The Tree


  Complacency was at the root of the first bad move among men. (Yes—the bad move of all time.) Adam had the most complacent moment of all when he stood at the foot of the Tree of the Knowledge of Good and Evil. It was Eve who wore the pants in the first family during this catastrophic moment. She took the lead and reached for the fruit of the Tree. Adam just got all quiet, passive and…well, boring. The Scriptures don’t note that he was deceived, tempted, or lied to like Eve. Just that he went along with it.


  Some theologians believe that there was something in the way that Eve was crafted which made her more vulnerable to deception. (Just consider how often we women are prone to think things like “I’m fat!” Haven’t seen too many guys obsessing over that thought. Or maybe you’ve been prone to believe the lie “No one really likes me.” Men don’t struggle with that as often or as easily. Women are just prone to believing lies.) However, many believe that Satan approached Eve because he was attempting to throw over the created order by getting her to take leadership over her husband. And Adam seemed to passively accept this evil situation to gratify his flesh. Sounds a bit too much like many men of today.


  Complacency led to the first sin. (Perhaps, had Adam chosen to speak truth to Eve, he could have led her away from that horrible original sin.) His failure to lead changed the course of history. We believe that the same kind of complacency that showed itself at the foot of the Tree still leads men to badness.

Goodness vs. Badness


  While a bad boy’s greatest desire is to live according to his desires, a good boy, according to Robert Coles, has an outward focus:



Good…boys…have learned to take seriously the very notion, the desirability of goodness—living up to the Golden Rule.  8


  The Greek word for goodness (used in our take-to-heart verse, Romans 12:21) appears in the New Testament in three forms, all of which are rooted in the Hebrew word tod, which means “usefulness” or “beneficialness.” Are we bringing up boys who understand their call of duty to be useful contributors to society, to be beneficial to others?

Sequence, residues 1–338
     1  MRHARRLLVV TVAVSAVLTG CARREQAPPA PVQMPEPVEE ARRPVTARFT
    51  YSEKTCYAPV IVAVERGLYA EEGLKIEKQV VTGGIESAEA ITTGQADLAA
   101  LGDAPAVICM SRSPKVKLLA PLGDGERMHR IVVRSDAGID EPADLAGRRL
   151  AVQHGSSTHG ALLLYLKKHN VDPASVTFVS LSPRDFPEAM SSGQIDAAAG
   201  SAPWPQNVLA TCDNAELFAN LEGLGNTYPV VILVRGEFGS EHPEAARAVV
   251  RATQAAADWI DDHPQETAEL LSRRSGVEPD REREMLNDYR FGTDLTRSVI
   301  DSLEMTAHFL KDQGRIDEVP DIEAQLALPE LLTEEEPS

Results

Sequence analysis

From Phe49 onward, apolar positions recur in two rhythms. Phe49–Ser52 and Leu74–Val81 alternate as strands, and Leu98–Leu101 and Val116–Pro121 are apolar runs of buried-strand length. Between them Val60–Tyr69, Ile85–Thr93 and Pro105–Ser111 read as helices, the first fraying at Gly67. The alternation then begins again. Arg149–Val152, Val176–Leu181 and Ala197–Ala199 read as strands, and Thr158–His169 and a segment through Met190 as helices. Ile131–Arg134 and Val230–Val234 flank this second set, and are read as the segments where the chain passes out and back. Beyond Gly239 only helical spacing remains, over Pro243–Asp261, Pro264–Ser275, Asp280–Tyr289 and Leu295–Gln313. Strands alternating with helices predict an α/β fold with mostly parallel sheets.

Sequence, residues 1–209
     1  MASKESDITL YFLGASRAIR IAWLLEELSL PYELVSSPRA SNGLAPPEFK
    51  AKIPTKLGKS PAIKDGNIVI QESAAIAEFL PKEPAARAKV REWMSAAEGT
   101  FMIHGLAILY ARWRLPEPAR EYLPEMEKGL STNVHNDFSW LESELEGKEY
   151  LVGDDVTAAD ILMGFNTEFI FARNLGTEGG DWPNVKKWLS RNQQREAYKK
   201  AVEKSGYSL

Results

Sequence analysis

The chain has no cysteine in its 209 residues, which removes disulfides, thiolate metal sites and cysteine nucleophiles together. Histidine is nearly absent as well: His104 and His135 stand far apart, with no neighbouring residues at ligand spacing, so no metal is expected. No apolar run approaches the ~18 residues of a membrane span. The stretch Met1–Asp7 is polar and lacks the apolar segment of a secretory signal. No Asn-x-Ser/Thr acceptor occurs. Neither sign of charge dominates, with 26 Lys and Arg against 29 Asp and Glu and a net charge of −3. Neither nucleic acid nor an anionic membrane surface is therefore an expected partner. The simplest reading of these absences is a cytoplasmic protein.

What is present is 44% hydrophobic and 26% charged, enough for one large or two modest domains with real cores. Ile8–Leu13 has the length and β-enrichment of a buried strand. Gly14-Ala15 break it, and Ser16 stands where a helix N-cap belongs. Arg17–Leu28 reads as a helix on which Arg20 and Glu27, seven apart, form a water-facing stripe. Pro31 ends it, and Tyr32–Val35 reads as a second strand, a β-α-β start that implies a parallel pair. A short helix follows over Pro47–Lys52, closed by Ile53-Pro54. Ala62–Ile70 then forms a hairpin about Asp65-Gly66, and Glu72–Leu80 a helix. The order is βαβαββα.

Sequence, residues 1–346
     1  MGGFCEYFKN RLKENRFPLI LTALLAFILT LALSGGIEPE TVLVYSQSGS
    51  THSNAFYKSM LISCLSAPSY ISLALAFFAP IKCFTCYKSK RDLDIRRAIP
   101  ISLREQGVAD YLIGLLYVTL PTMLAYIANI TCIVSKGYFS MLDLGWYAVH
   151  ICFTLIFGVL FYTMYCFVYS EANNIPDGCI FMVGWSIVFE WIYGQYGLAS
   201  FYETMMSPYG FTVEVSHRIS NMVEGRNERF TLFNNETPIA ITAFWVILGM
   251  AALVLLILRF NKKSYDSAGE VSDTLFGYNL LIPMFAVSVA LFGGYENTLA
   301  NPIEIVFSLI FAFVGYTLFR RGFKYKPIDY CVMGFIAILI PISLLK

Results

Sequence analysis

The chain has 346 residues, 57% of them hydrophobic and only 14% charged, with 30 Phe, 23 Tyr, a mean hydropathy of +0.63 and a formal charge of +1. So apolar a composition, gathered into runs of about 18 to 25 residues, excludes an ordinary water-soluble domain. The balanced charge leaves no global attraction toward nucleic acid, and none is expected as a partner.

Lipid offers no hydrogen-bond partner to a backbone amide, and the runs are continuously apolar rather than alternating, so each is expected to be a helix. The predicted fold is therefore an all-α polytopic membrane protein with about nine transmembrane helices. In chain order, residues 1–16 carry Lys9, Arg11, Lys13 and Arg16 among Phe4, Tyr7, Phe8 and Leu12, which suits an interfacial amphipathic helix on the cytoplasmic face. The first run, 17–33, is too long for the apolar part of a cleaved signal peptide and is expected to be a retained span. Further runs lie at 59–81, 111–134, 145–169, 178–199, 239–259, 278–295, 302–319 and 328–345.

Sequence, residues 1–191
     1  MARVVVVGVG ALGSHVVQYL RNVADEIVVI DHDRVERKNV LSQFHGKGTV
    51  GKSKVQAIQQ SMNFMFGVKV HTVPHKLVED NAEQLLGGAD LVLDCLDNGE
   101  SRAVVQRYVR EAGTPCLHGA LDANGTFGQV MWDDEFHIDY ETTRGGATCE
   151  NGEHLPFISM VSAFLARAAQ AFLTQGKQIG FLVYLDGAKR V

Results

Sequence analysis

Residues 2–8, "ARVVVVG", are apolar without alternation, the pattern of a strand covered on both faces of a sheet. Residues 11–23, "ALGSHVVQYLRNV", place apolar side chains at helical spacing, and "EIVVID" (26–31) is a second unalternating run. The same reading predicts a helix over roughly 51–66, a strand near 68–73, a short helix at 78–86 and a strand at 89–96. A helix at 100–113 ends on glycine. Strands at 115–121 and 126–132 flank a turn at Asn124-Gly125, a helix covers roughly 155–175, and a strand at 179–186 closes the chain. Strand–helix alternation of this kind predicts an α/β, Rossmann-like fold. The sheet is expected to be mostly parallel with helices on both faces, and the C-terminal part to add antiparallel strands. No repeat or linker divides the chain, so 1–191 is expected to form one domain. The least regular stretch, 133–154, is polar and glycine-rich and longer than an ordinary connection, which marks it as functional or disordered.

Goodness is the quality that makes us put others ahead of ourselves. It’s the moral compass that keeps the world safe, happy, and working. It’s the drive that makes us want to function in families rather than isolation. It’s the internal road sign that takes us away from our own desires and toward the destiny of meeting the needs of others. Without it, we are “bad.” That’s probably why all of us—male and female—are called to goodness.


Do not be overcome by evil,
but overcome evil with good.


Romans 12:21


God is good



The ultimate reason we must raise our boys to be good is that it reflects the character of God. His goodness is a bedrock truth of Scripture and is inseparable from his nature. If we are to be a picture of him, we must possess goodness. He is good not only in a general sense, but he is good to us and forus. This element of his character expresses his selflessness and desire to exist on behalf of others. When people are good, they act toward and for others, as opposed to losing sight of others as their own needs and desires consume them.






Here's my review:

Six Ways to Keep the "Good" in Your Boy: Guiding Your Son from His Tweens to His Teens by Dannah Gresh is a book for mothers and father who want to guide their tween son (ages 8-12) through to his teens with a solid biblical foundation.  Dannah and her husband Bob address many topics that are essential for young boys to be taught before they enter the turbulent teen years.  Some of these are lighthearted like getting your boy outside and other are more difficult, but very important like discussing pornography and s*x.  There is no better time to talk about these subjects than during the tween years before they need them!  This book also gives lots of ideas for single moms, websites, other books, a space for journaling and a specific prayer to pray on that subject. 

I found this book to be very eye opening and informative with lots of practical ways to help parents approach their tween son.  I have a son who will be a tween in 5 years and I feel so much more equipped to guide him through these years.  I appreciate the biblical focus and the numerous examples.  This is a great book for both moms and dads who want helpful and practical information and how to communicate effectively with their tween son.

1 comment:

Annette {This Simple Home} said...

This definitely sounds good. Dannah's writing is personable yet reliable...facts and Scripture applied. I'll put it on my list!

(I may be a bit biased though having known Bob and Dannah before I was married...)